ReproductionCabomba is a highly invasive species that can rapidly colonise an entire waterbody. In Australia, reproduction is mostly by stem fragments and through the production of daughter plants.
Any stem fragment that includes a node (a piece as small as 1 cm long) can grow into a new plant. Stems break easily when disturbed, creating thousands of fragments, all capable of spread and reproduction.
In autumn and winter plants lose buoyancy and stems sink to the bottom, where they either break down into fragments that may regrow the following spring, or take root in the substrate, producing new daughter plants.
The only cabomba to produce viable seed in Australia is currently in the Darwin River in the Northern Territory, and reasons for this are unclear.
SpreadStem fragments float on the water surface and can spread throughout a catchment by normal flows or flooding. Fragments are also moved between catchments and waterbodies by fishing activities and equipment, watercraft and trailers, and animals.
Control and managementEarly detection is critical as once established cabomba is extremely difficult to control.
Control methods focus on drawdown, shading, manual removal and mechanical removal. All of these methods are costly and labour intensive and only effective over small areas. In larger infestations it is only viable or practical to reduce cabomba in strategic locations such as swimming areas or to prevent spread by containment.
Management practices to prevent nutrient-enriched run-off entering infested waterways should also be considered.
HerbicidesDiquat herbicides are registered but are not considered effective (they will reduce an infestation by about 50% and regrowth occurs rapidly). Recent research supports a new herbicide for use against cabomba and registration is currently being sought. If registration is successful, details will be listed on the Australian Pesticide and Veterinary Medicines Authority website. See www.apvma.gov.au
DrawdownDraining or ‘drawdown’ of a water body can be effective, particularly in smaller dams or retention ponds. Stems and leaves must be exposed until they and the substrate are completely dry. Care must be taken to ensure that cabomba is not spread to other water bodies in the drained water.
ShadingShading can be created by floating blankets made from builders’ black plastic. This must be maintained over a period of 3 or 4 months to kill the cabomba.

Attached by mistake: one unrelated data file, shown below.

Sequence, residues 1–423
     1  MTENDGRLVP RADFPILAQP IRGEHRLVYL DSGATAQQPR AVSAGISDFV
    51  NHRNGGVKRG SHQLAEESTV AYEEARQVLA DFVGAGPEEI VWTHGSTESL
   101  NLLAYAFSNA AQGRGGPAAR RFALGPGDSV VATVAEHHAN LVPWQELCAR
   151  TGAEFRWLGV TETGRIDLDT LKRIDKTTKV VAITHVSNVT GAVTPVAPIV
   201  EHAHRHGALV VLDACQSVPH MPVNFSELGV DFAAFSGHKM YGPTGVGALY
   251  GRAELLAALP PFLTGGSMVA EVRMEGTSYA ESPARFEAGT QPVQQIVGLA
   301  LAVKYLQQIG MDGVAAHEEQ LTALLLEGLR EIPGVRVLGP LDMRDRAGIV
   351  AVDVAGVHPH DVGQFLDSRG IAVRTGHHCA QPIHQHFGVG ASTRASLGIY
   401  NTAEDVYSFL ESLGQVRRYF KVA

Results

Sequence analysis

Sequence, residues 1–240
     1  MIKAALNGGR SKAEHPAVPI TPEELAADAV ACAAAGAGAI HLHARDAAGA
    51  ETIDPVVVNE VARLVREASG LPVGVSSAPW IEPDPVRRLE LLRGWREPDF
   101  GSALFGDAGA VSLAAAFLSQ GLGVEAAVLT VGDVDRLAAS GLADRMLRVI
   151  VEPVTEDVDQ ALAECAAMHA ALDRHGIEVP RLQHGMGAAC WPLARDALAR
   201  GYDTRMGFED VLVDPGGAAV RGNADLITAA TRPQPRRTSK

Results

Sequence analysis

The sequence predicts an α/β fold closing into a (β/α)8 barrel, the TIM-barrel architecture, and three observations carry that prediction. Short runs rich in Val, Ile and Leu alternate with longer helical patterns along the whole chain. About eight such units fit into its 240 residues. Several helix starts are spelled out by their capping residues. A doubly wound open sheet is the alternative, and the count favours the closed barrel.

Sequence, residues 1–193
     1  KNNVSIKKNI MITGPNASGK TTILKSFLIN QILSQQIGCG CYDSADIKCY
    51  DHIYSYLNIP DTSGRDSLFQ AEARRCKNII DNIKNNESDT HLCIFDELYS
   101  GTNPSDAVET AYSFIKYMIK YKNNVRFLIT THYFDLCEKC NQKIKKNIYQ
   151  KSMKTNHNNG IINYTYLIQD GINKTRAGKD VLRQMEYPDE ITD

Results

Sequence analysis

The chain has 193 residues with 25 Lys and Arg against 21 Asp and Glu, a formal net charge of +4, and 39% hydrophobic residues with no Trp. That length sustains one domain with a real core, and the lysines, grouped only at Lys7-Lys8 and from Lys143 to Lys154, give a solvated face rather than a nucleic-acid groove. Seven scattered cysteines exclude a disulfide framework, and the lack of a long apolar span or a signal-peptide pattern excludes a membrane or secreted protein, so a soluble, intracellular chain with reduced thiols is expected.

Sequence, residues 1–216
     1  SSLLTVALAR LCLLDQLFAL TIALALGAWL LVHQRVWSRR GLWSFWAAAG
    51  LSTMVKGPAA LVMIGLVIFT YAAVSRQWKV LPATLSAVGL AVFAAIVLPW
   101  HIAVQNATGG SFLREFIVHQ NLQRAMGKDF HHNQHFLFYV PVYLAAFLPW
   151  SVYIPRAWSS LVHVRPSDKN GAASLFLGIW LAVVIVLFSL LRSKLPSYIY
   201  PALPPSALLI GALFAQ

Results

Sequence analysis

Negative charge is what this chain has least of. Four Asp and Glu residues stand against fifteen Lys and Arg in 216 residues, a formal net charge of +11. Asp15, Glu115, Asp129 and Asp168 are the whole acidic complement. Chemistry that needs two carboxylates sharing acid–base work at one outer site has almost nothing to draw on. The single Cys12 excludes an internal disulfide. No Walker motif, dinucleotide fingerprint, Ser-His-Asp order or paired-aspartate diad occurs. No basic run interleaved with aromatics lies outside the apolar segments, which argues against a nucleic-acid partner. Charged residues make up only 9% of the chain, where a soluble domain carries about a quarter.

Physical and mechanical removalManual removal can be useful for small infestations or as a follow-up method to remove regrowth. It requires plants to be pulled up by the roots, either while wading through shallow water or by diving with SCUBA. Contract divers have developed this method to include hand-held suction hoses to dredge the plants out.
Mechanical aquatic weed harvesters can cut and remove large amounts of cabomba from a waterway. This can suppress an infestation and keep the upper section of the water column free of weed. This will be an ongoing operation as regrowth occurs quickly (over just weeks) to uncut levels. For further detail and information about control and management of cabomba, consult the Cabomba control manual.
LegislationCabomba is a Restricted Plant (Class 5 noxious weed) in all areas of NSW under the NSW Noxious Weeds Act 1993. Restricted Plants are likely by their sale or the sale of their seeds or movement within the State or an area of the State, to spread within the State or outside the State. There are no requirements to control existing Restricted Plants; however, they are notifiable and prohibited from sale in NSW.
Authors: Rod Ensbey, Elissa van Oosterhout
Technical reviewer: Birgitte Verbeek
ReferencesThe information for this Primefact was taken from the following sources.
- Mackey, A. P. and Swarbrick, J. T. (1998) Cabomba caroliniana, Gray. In Biology of Australian weeds, Volume 2, RG and FJ Richardson, Melbourne.
- Schooler. S., Cabrere-Walsh, W. and Julien, M. (2009) Cabomba caroliniana, Gray (Cabombaceae). In R. Muniappan et al. (eds) Biological control of tropical weeds using arthropods, Cambridge University Press, Cambridge, pp. 88–107.